Alice C. Linsley said...

Analysis of the kinship pattern of Abraham's people, using the genealogical information in Genesis, reveals that blood line was traced through the mother while social status (caste) was traced through the father. That is why only first-born sons are listed in the Genesis "begats". The ruler's first-born son ruled after him. The first-born son was usually the son of the ruler's first wife who was a half-sister (as was Sarah to Abraham). The other wife was either a patrilineal parallel cousin (as was Keturah to Abraham)or a patrilineal niece (as was Rebecca to Isaac). The cousin/niece bride named her first-born son after her father because that son assumed rule over the territory of his maternal grandfather. This is what Claude Levi-Strauss discovered: that in patrilineal systems the mother and the son do not belong to the same clan.

Alice C. Linsley said...

There is no biblical evidence to support the view that Abraham was an idolater. I've responded to this before:

Hans-Georg Lundahl said...


There is about some of his kin, like Laban, though.

As for what Flavius Josephus and Mahometan tradition have in common, the bridge could be either Jemenite Jews or Ethiopian Christians (who, like Nestorians, were some kind of Judaising gentiles before Christianity arrived - the two communities made war between them in Southern Arabian peninsula in premohametan times). Jemenite Jews of course carry less authority than a Jewish tradition subsumed into even a local Christian tradition. Religiously speaking it is not authority at all.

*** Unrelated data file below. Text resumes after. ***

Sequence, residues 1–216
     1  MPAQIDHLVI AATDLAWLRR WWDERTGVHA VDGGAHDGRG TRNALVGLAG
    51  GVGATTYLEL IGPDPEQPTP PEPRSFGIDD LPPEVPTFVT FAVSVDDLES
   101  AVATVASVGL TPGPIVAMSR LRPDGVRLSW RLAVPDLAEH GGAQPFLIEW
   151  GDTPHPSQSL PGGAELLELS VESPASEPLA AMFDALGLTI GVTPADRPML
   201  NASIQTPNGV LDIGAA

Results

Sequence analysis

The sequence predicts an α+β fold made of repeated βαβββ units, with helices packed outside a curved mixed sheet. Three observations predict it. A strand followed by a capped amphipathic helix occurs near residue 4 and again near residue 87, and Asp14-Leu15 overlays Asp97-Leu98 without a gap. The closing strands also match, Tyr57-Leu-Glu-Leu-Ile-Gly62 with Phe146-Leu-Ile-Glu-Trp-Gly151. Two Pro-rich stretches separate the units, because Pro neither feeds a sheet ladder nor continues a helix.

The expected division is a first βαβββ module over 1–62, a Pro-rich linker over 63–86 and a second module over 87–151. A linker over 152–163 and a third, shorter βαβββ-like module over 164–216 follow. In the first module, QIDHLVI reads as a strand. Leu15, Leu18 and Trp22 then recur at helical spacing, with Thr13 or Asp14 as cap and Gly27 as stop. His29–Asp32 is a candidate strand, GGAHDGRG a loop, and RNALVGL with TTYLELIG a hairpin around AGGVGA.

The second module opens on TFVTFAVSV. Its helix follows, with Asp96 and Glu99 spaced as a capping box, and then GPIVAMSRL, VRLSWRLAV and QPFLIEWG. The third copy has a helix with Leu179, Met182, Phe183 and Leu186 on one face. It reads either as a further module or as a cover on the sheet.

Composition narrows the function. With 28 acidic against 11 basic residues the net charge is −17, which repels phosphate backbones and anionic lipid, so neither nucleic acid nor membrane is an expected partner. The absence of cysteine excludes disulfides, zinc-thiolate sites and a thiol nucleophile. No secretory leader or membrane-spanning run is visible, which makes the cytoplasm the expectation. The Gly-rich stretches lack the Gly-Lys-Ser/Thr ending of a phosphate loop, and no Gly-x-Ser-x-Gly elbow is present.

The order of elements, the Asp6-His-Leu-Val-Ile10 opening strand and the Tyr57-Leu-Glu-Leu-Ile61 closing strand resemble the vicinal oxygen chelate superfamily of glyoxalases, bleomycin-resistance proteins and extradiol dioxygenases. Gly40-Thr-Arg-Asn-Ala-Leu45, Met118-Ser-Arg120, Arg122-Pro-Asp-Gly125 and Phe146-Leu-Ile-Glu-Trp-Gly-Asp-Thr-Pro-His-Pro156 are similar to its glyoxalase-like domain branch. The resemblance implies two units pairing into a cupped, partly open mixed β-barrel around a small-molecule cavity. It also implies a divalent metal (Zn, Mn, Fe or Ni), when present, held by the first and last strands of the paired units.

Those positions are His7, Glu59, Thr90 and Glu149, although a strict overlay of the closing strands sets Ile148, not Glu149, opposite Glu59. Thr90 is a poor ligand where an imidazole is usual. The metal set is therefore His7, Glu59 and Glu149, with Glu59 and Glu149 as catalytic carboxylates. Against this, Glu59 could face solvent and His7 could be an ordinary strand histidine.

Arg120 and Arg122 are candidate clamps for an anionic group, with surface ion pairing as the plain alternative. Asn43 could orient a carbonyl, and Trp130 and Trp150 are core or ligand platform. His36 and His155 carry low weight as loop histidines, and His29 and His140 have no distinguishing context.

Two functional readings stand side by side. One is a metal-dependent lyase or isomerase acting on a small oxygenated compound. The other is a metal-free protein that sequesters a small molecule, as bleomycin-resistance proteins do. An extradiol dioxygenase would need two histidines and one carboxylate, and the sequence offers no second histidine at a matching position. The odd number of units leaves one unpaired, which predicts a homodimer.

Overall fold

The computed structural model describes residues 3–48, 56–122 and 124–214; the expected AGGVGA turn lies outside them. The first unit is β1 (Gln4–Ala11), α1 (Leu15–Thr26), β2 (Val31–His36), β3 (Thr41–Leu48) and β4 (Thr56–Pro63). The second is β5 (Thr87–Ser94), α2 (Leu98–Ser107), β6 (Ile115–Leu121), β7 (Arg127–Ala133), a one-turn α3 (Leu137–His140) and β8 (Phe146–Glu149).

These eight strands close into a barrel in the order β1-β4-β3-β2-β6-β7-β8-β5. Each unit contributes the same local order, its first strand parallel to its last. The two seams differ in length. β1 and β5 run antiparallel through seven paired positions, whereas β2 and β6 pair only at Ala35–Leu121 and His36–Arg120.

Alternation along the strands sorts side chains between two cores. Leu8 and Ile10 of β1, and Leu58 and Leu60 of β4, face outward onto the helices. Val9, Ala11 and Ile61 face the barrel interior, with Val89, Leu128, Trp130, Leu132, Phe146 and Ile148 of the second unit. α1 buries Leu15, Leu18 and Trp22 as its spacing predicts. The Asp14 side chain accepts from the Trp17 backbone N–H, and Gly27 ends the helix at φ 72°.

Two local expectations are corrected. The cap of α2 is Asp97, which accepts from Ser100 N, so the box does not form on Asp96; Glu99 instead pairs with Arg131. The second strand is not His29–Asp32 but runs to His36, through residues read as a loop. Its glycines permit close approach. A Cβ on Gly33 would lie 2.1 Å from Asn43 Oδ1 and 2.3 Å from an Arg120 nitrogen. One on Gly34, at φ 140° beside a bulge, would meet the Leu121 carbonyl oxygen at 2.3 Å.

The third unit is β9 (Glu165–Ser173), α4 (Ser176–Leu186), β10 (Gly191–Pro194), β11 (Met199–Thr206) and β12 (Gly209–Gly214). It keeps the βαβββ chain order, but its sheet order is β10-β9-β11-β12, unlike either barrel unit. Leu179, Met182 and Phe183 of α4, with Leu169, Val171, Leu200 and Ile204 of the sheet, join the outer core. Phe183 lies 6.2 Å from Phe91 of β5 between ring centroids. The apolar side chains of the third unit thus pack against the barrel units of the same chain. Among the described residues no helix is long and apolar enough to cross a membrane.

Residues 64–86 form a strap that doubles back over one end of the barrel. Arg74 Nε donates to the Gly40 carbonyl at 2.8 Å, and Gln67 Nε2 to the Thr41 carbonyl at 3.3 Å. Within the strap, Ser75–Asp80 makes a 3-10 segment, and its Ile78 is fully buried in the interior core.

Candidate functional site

william sells said...

Thank you for posting your research. Biblical Anthropology is fascinating. While reading I saw the aramaic name for Jesus and it is one of the recurring words in my prayer language. I always wanted to know. Initially, when the Holy Spirit came, there was a loud wind in my ears and the languages flowed from dialect to dialect - African, American Indian and aramaic (I guessed).
Anyway, thank you!

Anonymous said...

Ralph Ellis in Eden in Egypt/Tempest and Exodus wrote tht Hor means "Hewn out" as in 'Cave'. And tht the full word is EL Hor (Hewn out by El). Ths would mean tht Abraham was not just a Canaanite but of the cave-dwelling HAIRY BARBARIANS of Igboland. This explains why Esau his son was a hairy Barbarian. Canaanites were the metallurgists of NsuKKa, where the Igbo God Ele has MOUTH
(An/On/Onu) of his Underground Duat. The word Nile in ancient times might most likely have meant Niger (its Mother River). Nok is a tiny village in Plateau state, NOKWA in Anambra where the Canaanite Awka metallurgists. Emigrated after the Deluge is more likely. Nokwa tradition is matarchal. So is much of Anambra, whose Igbo dialect Abraham spoke.

Yisrael Abshalom said...

How can the Hebrew Lineage pass down from Mother, when all the Chronologies in the Bible are from father to son or sons.

Please explain

Yisrael Abshalom

Alice Linsley said...


Shalom, my friend.

There are two different matters here. Bloodline is traced through the mother. This is because the Messiah is conceived by the Woman without the seed of an earthly father. Messiah's father is the Creator God.

The royal priestly line of descent is traced through fathers because only men served as priests. The genealogies of Genesis are king lists.